Have a Backyard Blast This Summer
by Carol Grace Stratton
After holing up in our homes for over a year because of the pandemic, we’ve learned a lot about ourselves and our families. One of the biggest revelations was finding out we can have fun without going anywhere. In fact, sometimes the best memories we parents can create start right in our own backyards. The following ideas outline plans for some home-grown recreation.
The first suggestion is to look at your backyard (or front yard) as a mini playground. Maybe all you have is a patch of grass, but let your imagination go wild. Kids don’t need a lot to have fun. Bring out the hammock, a baseball and bat, Frisbee or sidewalk chalk for those laid-back summer days. Add some popsicles, and you have instant entertainment without screens.
How about setting up an obstacle course? Using a stopwatch, wading pool, hula hoop, a round inflatable life preserver, a long 2×4 piece of lumber and several orange caution cones, parents can create a timed obstacle course.
Start with setting up five cones and have the contestant run in and out of the cones, in a zigzag formation. Next, have him jump into the wading pool, pull the life preserver up and over his body, and then run to the next station—the hula hoop. The participant tries to keep the hoop going around his waist for a count of ten before running to a 2×4 on the ground. The participant then walks the length of the piece of wood as if it is a balance beam. Finally, the competitor runs in and out of another set of cones before tagging the judge’s hand. Parents can even add a fun factor by giving adults more challenges than the kids.
Food also creates memories, and cooking outdoors elevates ordinary meals to special meals. When I was growing up, one of my favorite dinners was a campfire stew. It’s very simple to make. Give each chef a large square of heavy-duty aluminum foil. Dice potatoes, carrots, celery, mushrooms and cherry tomatoes and place in containers. Each participant will choose what to put in his or her individual stew. Meat can be anything from sausage to bacon or lean hamburger to steak. Have each chef add broth and seasoning into the mix before wrapping their meal and carefully laying them on hot coals in the fire pit. Yum. Dinner is ready in less than an hour with no pots and pans to scrub.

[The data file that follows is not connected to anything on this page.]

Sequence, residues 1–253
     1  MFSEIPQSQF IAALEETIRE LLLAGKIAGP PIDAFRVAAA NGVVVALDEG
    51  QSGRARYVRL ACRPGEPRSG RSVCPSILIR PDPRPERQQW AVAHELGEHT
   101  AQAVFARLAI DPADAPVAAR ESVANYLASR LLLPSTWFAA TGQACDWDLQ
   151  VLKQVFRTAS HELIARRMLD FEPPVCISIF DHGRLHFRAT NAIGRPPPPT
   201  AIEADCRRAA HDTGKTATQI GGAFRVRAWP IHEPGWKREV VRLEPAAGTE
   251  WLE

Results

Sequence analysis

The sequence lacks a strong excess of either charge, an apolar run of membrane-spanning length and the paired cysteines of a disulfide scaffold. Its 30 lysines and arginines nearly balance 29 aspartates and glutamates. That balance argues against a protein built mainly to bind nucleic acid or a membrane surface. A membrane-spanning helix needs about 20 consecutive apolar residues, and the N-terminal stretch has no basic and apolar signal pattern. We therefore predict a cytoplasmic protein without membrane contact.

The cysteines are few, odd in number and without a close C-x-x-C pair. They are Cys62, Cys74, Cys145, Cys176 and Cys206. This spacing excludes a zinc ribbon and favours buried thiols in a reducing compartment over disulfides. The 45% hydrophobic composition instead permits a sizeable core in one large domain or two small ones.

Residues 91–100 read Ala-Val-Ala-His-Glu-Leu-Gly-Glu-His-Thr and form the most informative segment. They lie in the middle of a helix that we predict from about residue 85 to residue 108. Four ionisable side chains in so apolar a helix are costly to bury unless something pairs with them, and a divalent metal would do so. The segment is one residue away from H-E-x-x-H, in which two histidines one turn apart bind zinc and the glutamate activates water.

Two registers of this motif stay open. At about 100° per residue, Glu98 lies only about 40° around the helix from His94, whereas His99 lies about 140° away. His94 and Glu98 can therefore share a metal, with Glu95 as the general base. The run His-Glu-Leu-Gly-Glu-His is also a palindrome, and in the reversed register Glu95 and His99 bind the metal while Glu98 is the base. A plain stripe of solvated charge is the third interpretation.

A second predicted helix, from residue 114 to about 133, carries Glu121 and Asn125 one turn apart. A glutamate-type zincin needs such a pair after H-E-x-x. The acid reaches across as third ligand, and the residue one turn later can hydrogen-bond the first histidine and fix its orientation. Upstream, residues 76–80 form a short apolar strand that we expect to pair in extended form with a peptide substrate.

For dessert, serve banana boats. Cut a banana down the middle (concave part). Spread the split open and stuff with all kinds of decadent goodies, such as chocolate chips, marshmallows, granola, coconut, peanuts . . . almost anything works. Wrap the banana in a 12-inch by 12-inch aluminum square, and put it on the grill. In a few minutes, when the banana feels squishy, use a pair of tongs to take it off the fire. You’ve never had such a gooey treat.
When the evening winds down, have family members play the “And Then” game. Here’s how it works: Participants sit in a circle, and one person starts a silly or outrageous story. After two or three minutes, the storyteller says, “And then . . .” The person on their right continues the story until everyone has a turn. This works best with a larger group, and the story will be one of the kookiest you’ve ever heard. For little children, you can play “I went on a trip and I took . . .” This allows each player to choose something alphabetically, starting with “A.”
Of course, summer is a great time to teach children to be givers. Think about setting aside an afternoon to do crafts that they could share with a neighbor. My friend Barbara takes flat rocks and dips them in layers of paint to create a beautiful, marbled creation. When they dry, she pens a neighbor’s name on each rock before delivering them. They make striking garden decorations.
Want to get to know the neighbors better? A fun way to mingle is to gather all the kids on your street at your house and have a scavenger hunt. (You may want to warn the neighbors ahead of time and have designated houses that plan to participate.) Divide children into teams and give each one a list of things to find. They can either gather the items and return with them or take pictures of them with an iPhone. Things that might be on the list are a dandelion, a toothpick, a can of soup or an old magazine. It’s a riot to see the competition between teams. And for older teens, this hunt can be via car, with items coming from the community, such as an empty McDonald’s cup, a bookmark from the local library or an autograph from one of their teachers.
If you’d like to include neighborhood families on some block party fun, how about a progressive dinner? These are especially easy to do in the summer months when no one will feel compelled to clean her house from top to bottom for company. Have a travelling four course meal (appetizers, salad, main entrée and dessert) at designated patios, and watch the friendships blossom. There’s something about sharing a meal that brings folks together.
Maybe you’d like to share your faith with your neighbors. Consider hosting a Good News Club. Opening your home and backyard to neighborhood children can be a life-changing experience for them. For more information on Good News Clubs, visit their website at https://www.cefonline.com/ministries/goodnewsclub/.
These are just a few ideas to get you started on your 2021 fabulous summer of fun. Let this be one to remember.
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